Originally Posted by SidecarFlip
My dad was a toolmaker at Cleveland Twist. He met my mom there during WWII. He had a deferment because the work he did was vital to the war movement so he joined the Coast Guard auxillary and patrolled the Great Lakes when he wasn't working.
He died in an industrial accident at Cleveland Twist when I was almost 17 so I never really got to spend a lot of time with him but I still have his tools and his tool box to this day. Before he died he advanced to the department head prototype development.
Mom retired from CT. She's been gone about 15 years now. She worked in final inspection and then in the office in billing.
When I have to buy tooling that Cleveland Twist manufactures, it always comes from there. I don't ever look at cost, I consider them family.
Might have told you but I took my apprenticeship at Standard Products in Cleveland Ohio and earned my Journeymans Card in tool and die making. That was a long time ago but it still seems like yesterday.
Time flies. Like my good friend said to me, "take a tape measure, run it out to 100 and put your finger on your age. Look at 100, you most likely won't live that long. Then look back to the beginning of the tape. Amazing how much time you wasted and how little you have left...... Smart guy my friend is.
I must say, it has been fun for ther most part, but I don't want a repeat performance.
I've actually been in three apprenticeships. First one was actually in sheet metal work, and the two of us were like fire and ice. Was asked to take their entrence test, so I did it on a whim, and was the top scorer. Did a little over two thirds of it, when Uncle Sam came knocking on the door. Went to some then unknown garden spots on the otherside of the planet. During mail call one day I get a large envelope from my mother with a registered letter inside it. They terminated that apprenticeship because I had not shown up for eight months (I swear you can't make this up!). The Union hall ran the apprenticeship program along with a select group from management. I laughed about it, and my squad leader said they can't do that! I said hey look here, they already did a month ago. But if you guys will let me go home I think I can fix it (this was right in the middle of TET 1968). Next day I get a visit from a very nervous JAG officer out of Chu Lai. He said he'd fix the problem. About three to four weeks later he shows up down by Quang Nghai, and he real nervous. Said he had a letter of response in flight, and he'd get word to me when it arrived. About a week later they send me north to Chu Lai to see this guy. He said that when they paid a visit to the joint apprenticeship office in Indy, they threw them out physically. The next day they showed up again in force with U.S. Marshells and the MP's. Took three guys to jail, and shut the entire apprenticeship program down cold! After they finally let them out of jail (held them for three days), and paid a serious fine for assualting a uniformed JAG officer and his civillian aid. They write up a certified letter that had at least a dozen signatures on it telling me that anytime in my entire life that I decide to return to the program I will become the number one person of interests. I never bothered to go back! First job ap I applied for, I was asked to take their apprenticeship test (when I came home). Test was the typical US Government crap, and was easy. They thought I was cheating. Asked me to do another while they watched me thru a two way mirror. Then had me take a third battery of test the next day. I took the Machinest Repair deal. Later I did a Machine Builders apprenticeship. Seemed like I never stopped going to classes for about thirty years (there's lots of things yet to be learned)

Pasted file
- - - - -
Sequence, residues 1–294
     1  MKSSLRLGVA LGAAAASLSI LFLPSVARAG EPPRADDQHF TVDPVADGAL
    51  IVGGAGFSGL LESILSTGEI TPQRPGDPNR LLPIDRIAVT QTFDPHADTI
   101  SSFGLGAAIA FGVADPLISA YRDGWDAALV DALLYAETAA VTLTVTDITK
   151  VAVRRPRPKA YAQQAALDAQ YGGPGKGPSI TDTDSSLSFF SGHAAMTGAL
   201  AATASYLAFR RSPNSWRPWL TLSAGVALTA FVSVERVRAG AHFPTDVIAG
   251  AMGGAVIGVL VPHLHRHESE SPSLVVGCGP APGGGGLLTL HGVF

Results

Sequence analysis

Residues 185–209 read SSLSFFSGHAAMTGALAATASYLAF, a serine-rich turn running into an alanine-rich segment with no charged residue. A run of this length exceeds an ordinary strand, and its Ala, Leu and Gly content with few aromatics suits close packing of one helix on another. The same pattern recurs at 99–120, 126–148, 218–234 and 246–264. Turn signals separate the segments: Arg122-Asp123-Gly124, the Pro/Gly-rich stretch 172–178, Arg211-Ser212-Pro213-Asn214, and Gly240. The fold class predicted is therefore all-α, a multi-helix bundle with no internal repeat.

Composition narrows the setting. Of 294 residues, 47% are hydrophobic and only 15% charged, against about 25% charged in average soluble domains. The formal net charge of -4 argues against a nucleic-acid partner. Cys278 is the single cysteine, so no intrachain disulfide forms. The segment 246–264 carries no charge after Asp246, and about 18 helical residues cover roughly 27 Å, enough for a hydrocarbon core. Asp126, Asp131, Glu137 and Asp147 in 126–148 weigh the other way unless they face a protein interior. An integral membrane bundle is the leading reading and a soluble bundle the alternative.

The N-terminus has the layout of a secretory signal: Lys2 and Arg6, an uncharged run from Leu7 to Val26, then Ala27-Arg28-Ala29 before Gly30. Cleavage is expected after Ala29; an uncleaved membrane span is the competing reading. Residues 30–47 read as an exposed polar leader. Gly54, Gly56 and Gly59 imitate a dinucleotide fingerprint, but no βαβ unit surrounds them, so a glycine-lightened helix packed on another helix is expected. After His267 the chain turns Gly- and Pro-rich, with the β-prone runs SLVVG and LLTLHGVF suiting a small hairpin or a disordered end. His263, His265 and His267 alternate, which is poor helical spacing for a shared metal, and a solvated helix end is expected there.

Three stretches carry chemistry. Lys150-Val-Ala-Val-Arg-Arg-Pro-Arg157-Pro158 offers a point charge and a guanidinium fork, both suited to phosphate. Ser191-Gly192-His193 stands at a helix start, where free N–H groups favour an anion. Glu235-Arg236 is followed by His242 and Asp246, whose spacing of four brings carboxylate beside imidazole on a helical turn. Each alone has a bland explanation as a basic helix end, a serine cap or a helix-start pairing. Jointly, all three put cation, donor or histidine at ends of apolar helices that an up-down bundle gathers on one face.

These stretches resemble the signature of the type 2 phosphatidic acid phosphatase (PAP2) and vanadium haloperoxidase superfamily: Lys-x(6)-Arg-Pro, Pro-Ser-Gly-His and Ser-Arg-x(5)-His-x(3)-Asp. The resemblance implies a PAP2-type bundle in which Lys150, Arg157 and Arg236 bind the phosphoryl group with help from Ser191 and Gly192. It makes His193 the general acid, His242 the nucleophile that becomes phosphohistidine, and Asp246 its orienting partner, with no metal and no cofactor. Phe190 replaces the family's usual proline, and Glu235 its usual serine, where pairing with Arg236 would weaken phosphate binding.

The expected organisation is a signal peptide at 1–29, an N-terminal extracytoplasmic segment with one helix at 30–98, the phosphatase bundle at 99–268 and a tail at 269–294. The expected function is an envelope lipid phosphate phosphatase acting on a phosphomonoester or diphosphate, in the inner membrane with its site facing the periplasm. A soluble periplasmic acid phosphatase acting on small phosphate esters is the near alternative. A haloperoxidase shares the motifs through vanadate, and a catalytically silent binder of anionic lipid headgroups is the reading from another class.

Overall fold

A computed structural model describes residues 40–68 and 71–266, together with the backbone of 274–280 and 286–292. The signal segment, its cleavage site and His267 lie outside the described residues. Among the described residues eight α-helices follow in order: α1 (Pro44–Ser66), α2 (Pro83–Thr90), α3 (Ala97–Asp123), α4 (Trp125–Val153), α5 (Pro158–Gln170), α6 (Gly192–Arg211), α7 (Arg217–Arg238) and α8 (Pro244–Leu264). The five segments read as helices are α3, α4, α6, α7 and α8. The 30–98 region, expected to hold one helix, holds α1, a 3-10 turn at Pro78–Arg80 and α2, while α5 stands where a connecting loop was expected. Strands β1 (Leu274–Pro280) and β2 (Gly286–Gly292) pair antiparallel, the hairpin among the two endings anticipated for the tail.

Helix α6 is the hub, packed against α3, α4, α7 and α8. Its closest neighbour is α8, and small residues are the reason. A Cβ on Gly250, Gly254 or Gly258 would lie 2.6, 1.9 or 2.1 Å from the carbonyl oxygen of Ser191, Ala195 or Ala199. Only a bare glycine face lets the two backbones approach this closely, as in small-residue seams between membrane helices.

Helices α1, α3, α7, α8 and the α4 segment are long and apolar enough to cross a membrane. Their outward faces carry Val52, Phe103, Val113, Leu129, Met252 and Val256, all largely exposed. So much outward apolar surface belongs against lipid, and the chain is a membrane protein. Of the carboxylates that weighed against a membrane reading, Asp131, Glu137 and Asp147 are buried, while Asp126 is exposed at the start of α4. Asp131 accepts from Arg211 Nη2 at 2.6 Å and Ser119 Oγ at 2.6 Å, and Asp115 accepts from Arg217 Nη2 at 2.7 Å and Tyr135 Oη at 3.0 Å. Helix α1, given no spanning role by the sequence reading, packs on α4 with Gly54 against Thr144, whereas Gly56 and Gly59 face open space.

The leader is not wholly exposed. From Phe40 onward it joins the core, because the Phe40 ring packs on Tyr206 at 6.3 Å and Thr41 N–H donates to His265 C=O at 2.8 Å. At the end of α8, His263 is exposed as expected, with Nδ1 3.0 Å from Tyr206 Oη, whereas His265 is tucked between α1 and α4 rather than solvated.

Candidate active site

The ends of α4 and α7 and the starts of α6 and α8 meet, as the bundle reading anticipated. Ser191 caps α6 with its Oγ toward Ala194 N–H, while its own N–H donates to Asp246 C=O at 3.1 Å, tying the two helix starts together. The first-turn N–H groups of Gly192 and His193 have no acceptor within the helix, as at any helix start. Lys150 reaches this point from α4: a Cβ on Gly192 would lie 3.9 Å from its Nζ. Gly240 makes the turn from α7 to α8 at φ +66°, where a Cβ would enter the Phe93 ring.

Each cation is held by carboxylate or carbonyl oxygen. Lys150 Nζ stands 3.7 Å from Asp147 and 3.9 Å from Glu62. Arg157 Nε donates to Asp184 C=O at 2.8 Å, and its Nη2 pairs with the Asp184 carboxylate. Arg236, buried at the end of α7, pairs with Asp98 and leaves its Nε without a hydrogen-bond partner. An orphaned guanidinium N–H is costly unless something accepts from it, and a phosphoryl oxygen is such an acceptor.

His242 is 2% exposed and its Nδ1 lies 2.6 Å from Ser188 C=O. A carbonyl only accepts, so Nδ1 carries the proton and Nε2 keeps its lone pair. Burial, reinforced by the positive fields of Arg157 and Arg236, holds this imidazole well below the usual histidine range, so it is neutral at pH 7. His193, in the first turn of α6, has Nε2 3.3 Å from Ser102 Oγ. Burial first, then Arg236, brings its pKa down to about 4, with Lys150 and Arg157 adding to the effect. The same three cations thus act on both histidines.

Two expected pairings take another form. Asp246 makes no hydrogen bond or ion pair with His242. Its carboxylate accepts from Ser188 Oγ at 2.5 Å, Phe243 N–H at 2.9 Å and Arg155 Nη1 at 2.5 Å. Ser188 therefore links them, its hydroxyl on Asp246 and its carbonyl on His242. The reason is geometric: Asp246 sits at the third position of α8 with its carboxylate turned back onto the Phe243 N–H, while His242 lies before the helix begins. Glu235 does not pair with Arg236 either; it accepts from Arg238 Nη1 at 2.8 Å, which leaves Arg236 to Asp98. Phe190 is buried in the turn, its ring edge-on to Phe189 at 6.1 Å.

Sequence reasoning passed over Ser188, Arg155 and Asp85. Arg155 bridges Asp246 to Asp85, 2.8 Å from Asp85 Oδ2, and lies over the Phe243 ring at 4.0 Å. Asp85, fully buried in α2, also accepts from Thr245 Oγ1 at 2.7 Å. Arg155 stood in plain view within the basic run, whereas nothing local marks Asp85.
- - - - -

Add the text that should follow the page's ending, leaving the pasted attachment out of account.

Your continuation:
On the otherhand, My Dad was a tool maker from Curtiss Wright in Indy. They did the variable pitch props there. He said the place was a sweat shop. He applied for a job at the Allison Engine Company, and they hired him right away. He was to start Jan. 2nd, 1942! So much for that idea! They froze his job, and wouldn't allow him in the military (he was later found to be 4F anyway). He finally got that job after the war ended.
In my first apprenticeship (I really don't claim anything to do with the sheet metal one) I worked with the guy that discovered how to knock out Tiger tanks in Europe. Worked with an old man that was the master machinest for the Dusenberg Brothers at Indy building race cars (this all ties in together later), and the Stutze Bearcat racing team. I told Joe that my Dad and Harry Miller were close friends, and my Dad was the guy who machined the first Miller 91 engines for them. Joe knew Harry and probably met my Dad somewhere along the way. The other guys were out of the ship building yards, and they snatched them up in January 1942 for an all expense trip to Pearl Harbor. One tough generation!